Planting good business seeds in the inner city

Sitting with first Lady Michelle Obama during the president’s State of the Union speech was local grocery store owner Jeff Brown, who was singled out for opening supermarkets in poor neighborhoods.

The recognition is the second time in recent months that the White House has praised Brown’s social conscience that is also translated into good business.

Jeff Brown holds a basket of ethnic foods sold at one of his stores in West Philadelphia.

A fourth-generation grocer from Gloucester County, N.J., Brown has opened four stores in Philadelphia in low-income neighborhoods. The bright and clean stores offer inner city residents healthy food at affordable prices.

It may seem like a small thing to suburban residents who can shop at a variety of neighborhood supermarkets that compete for their business and offer wide selection of fruits and vegetables.

In impoverished areas, commonly called “supermarket deserts” because of the dearth of stores, there are few places large enough to sell fresh food.

Instead, the poor are often held hostage to buy high-priced food at bodegas or convenience stores that offer little nutritional value. As such, urban shoppers are more likely to suffer from health problems complicated by bad eating habits such as obesity, diabetes and hypertension.

But consider the impact that a thriving supermarket has on a community. The stores not only offer nutritional food and good jobs, but also can help stabilize a neighborhood or turn around a troubled area.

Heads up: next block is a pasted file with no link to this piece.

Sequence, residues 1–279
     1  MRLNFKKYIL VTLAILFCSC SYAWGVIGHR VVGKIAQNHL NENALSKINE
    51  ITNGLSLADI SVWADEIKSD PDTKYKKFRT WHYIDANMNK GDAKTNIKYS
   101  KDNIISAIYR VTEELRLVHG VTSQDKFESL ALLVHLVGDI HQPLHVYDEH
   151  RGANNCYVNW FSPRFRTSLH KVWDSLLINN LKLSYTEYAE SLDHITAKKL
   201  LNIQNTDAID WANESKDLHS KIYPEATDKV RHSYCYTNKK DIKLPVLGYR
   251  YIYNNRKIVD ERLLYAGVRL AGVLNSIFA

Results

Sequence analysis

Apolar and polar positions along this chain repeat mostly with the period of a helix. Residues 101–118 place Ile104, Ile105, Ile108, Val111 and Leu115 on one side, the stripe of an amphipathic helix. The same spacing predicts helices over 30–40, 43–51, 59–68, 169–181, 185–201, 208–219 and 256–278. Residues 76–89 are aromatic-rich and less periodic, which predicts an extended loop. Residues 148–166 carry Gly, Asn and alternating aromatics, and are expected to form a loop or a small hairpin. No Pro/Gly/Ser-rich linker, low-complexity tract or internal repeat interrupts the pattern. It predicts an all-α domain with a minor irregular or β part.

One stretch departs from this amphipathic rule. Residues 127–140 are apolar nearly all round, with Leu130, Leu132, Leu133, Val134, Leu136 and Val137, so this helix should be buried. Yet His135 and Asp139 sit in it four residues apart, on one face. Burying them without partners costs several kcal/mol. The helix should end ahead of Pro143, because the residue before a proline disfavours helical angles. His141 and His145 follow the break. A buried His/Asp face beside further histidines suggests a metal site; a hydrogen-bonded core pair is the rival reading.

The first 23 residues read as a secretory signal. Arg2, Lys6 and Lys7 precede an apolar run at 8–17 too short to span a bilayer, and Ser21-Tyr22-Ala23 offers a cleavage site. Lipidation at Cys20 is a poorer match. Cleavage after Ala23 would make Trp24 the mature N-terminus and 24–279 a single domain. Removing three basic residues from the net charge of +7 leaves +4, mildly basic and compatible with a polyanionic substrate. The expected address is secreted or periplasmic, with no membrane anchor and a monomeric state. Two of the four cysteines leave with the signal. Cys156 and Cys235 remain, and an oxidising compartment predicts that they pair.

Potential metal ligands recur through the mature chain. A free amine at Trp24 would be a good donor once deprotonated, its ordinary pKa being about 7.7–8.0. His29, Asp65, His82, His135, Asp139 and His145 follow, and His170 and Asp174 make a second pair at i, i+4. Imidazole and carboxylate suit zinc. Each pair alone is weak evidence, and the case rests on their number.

With help from the Fresh Food Financing Initiative, an innovative Pennsylvania program, Brown has opened stores in low-income neighborhoods in West Philadelphia and South Philadelphia.

State Rep. Dwight Evans, (D., Philadelphia), deserves credit for starting the program in 2004 along. Jeremy Nowak’s Reinvestment Fund has also been instrumental in providing financing where other traditional lenders long ago walked away.

The program provides loans and grants to attract grocers to urban neighborhoods that have been ignored by most supermarket chains.

It has changed the landscape in Philadelphia and elsewhere, developing 68 supermarkets with $30 million in state seed money. That’s a change from the 1990s when the city had the second lowest number of supermarkets per capita.

New York, Illinois and Louisiana have since launched similar programs. The stores provide a national model to recruit more businesses like Brown’s to improve the quality of life in urban and rural communities.